(viii) A Retired Partner will continue to be a member of the firm, entitled to notice of and to attend firm meetings (but without any vote) and to retain such office facilities and to utilize such office services as may be commensurate with the level of activity he chooses to continue.
(ix) The firm shall continue to be entitled to all income realized by a Retired Partner from the practice of law and from other services, such as serving as a fiduciary or director of a corporation, the income from which, in the case of an Active Partner, would be considered income of the firm.
In 1976 and 1977, petitioner served as an impartial labor arbitrator on a number of occasions. He was selected, personally, by joint action of employers and unions, or as a result of their use of panels of arbitrators maintained by the American Arbitration Association and similar agencies. Petitioner continues to be listed as an individual in the membership directory of the National Academy of Arbitrators, using both the firm's address, without the firm's name, and his Florida address.
In 1976, petitioner performed services as an arbitrator for approximately 10 days, which resulted in earnings of $4,750. In 1977, he performed such services for 34 days and received compensation totaling $16,295. As required by the partnership agreement, petitioner surrendered these earnings to the firm. Petitioner billed the employer and union in each case in which he acted as an arbitrator for fees, travel, and miscellaneous expenses. Each of the parties paid one-half of the bill to him by check. Petitioner then endorsed and turned over the checks to the firm.
Petitioner's firm considered that money its income, and the firm continued to conduct at least a part of its trade or business through petitioner. Although not part of the record, we take judicial notice of the firm's most recent card in 6 Martindale-Hubbell Law Directory 1312B (1982), which described petitioner as follows:
Lawyers, non-lawyers, and academicians act as labor arbitrators and are members of the National Academy of Arbitrators. Law firms as such do not act as labor arbitrators and are not selected as arbitrators by the employers and unions. In 1976 and 1977, no partners, other than petitioner, or associates of the firm acted as labor arbitrators.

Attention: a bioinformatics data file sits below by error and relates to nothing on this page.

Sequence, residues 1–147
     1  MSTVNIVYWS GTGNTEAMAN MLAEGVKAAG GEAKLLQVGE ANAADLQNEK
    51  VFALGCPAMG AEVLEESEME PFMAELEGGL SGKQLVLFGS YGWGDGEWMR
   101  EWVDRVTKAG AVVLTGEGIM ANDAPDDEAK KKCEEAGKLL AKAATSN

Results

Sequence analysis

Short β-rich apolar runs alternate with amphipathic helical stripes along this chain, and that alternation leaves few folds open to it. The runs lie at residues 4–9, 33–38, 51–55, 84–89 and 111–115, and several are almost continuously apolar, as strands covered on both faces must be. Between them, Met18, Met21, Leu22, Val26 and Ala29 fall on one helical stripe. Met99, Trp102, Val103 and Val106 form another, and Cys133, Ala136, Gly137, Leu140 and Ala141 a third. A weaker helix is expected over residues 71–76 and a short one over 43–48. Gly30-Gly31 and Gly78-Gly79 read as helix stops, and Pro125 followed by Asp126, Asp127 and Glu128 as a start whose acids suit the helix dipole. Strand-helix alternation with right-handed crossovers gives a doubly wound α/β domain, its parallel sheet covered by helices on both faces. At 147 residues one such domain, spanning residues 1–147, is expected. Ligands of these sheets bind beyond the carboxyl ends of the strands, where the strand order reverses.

In 1977, the partner who succeeded petitioner as head of the firm's labor department asked him to perform legal services for one client. Petitioner reluctantly attended two negotiating meetings lasting for a few hours. He advised the Philadelphia Academy of Music with respect to the negotiation of a contract. The firm billed the academy for the services of petitioner and others involved in this negotiation.
Petitioner is listed as “of counsel” on the firm's letterhead and continues to have a desk in a room in the firm's offices. He shares the room with a retired secretary. As a retired partner, petitioner did not go to the office on a regular basis when he was in Philadelphia. Sometimes he went once a week, sometimes twice a week, and sometimes there were consecutive weeks in which he did not go to the office.
Petitioner received retirement payments of $39,000 and $43,000 in 1976 and 1977, respectively. He reported these respective amounts on Schedule E of his Federal income tax return for each of these years. Petitioner did not report any of the retirement income as self-employment income. In addition to the conceded issue, respondent determined that petitioner's retirement payments were subject to self-employment tax under sections 1401 and 1402.
The question before the Court is whether retirement payments made to petitioner from current earnings of his law firm, which earnings include his compensation for services as an arbitrator, qualify for the exclusion from self-employment tax under section 1402(a)(10). Since this case appears to be one of first impression,